Nyle Fort, *21

Department of Religion

Amazing Grief: African American Mourning and Contemporary Black Activism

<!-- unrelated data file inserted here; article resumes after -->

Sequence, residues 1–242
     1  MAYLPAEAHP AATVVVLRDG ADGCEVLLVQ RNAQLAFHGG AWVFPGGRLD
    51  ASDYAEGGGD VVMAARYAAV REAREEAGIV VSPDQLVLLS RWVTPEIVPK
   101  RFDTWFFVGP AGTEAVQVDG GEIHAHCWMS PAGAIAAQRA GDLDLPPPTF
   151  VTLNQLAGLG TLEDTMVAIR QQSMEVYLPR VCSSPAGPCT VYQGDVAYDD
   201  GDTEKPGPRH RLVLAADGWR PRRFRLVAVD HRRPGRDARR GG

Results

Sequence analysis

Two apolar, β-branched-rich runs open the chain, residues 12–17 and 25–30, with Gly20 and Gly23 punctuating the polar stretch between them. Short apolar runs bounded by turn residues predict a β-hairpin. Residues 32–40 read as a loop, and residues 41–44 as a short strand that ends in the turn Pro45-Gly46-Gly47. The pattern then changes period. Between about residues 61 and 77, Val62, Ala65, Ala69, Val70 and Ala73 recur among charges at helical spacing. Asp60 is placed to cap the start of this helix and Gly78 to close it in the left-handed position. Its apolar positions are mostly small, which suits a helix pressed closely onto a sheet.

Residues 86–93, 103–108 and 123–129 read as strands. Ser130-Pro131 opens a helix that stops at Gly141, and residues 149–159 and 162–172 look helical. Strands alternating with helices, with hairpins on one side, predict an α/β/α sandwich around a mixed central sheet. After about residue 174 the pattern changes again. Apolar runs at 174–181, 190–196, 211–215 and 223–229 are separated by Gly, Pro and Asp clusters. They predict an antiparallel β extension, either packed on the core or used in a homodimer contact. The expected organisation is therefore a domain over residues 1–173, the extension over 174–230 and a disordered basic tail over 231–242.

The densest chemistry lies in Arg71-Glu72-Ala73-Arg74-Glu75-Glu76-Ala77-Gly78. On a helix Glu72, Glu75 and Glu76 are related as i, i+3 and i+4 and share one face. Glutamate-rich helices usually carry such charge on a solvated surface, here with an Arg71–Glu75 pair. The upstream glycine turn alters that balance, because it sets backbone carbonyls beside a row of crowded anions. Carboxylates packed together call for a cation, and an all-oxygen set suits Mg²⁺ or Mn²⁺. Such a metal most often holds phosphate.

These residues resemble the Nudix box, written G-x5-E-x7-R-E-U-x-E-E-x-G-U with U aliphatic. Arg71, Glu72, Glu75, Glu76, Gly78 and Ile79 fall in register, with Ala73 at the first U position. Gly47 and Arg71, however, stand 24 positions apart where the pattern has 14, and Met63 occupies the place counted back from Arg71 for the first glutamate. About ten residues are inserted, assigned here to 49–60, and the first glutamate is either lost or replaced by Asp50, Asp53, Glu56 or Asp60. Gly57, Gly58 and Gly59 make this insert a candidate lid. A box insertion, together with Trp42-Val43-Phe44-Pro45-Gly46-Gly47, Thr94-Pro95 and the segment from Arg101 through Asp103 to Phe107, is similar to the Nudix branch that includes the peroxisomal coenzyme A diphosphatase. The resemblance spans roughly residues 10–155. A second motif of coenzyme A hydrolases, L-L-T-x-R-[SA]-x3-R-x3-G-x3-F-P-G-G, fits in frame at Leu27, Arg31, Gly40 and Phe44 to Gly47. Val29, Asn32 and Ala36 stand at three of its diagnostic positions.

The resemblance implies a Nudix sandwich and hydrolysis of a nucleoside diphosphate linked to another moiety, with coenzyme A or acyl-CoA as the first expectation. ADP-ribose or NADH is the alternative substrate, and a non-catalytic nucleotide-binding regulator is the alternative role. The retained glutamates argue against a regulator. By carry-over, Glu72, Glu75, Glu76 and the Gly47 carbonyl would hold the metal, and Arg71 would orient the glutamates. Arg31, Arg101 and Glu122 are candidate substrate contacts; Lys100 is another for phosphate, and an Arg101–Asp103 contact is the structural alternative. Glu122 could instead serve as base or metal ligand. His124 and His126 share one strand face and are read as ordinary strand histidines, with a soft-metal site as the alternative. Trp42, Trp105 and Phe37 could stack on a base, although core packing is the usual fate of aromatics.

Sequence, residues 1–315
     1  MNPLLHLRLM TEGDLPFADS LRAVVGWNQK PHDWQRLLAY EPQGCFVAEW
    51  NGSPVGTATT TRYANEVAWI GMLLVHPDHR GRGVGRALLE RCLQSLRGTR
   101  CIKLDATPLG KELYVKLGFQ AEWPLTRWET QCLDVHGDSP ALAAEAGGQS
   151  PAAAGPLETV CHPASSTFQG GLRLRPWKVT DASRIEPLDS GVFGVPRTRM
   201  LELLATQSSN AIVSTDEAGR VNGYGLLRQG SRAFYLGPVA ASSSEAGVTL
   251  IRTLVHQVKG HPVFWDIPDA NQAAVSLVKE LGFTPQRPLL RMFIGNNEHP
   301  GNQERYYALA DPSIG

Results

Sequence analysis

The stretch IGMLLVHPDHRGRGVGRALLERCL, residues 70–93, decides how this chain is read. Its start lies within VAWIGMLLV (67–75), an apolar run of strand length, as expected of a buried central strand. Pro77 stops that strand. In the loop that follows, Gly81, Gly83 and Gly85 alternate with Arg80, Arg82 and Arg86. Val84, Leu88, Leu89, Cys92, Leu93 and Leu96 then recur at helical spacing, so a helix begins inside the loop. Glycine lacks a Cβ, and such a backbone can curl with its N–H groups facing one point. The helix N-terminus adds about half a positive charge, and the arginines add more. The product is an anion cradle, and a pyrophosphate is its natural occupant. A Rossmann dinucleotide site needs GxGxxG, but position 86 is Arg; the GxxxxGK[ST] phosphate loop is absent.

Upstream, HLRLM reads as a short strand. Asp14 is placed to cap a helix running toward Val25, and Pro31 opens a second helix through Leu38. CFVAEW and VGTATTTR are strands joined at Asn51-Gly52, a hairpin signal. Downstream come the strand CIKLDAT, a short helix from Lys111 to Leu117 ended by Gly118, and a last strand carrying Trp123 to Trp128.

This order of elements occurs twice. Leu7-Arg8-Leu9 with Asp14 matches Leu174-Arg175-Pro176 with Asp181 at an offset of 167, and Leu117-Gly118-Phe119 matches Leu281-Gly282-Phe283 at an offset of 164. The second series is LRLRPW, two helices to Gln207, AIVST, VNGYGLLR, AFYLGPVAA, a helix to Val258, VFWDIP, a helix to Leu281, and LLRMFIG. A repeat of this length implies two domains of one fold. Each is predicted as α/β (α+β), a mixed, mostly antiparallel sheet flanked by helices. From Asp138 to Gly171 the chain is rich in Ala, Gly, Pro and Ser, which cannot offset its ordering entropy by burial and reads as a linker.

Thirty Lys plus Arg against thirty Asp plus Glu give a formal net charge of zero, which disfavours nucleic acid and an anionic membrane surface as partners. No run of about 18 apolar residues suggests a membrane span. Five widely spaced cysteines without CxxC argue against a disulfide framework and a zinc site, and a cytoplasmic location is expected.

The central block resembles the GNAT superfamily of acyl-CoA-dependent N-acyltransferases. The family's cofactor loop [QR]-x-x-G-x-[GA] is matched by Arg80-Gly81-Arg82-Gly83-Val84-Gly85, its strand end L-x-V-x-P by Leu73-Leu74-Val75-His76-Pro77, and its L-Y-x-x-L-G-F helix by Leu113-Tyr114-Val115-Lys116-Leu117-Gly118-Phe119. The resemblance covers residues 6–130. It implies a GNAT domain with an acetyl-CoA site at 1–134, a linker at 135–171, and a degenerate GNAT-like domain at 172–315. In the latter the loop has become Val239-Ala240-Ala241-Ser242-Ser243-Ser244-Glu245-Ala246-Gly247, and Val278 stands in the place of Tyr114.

Amazing Grief: African American Mourning and Contemporary Black Activism examines how acts of public grief shape contemporary black freedom struggle, with particular focus on the Movement for Black Lives. Political responses to loss have long animated the African American sojourn. From slave rebellions to recent protests against police violence, this project demonstrates how struggles to remember, honor, and avenge the dead imbue black activism and American politics. African American mourning involves more than R.I.P. t-shirts and soul-stirring music. How black communities grieve emerges from a rich tradition that shapes, and is shaped by, contemporary activist efforts. From eulogies and street protests to grieving mothers and the candles that adorned Michael Brown’s memorial, this project not only names the wreckage wrought by legacies of white supremacy and systemic racism, but it exhumes what remains in its wake. Comprising four chapters, the dissertation offers interdisciplinary readings of funerals, makeshift memorials, and the activism of bereaved black mothers in order to explore how African American mourning continues to shape black protest, contemporary social movements, and American electoral politics.


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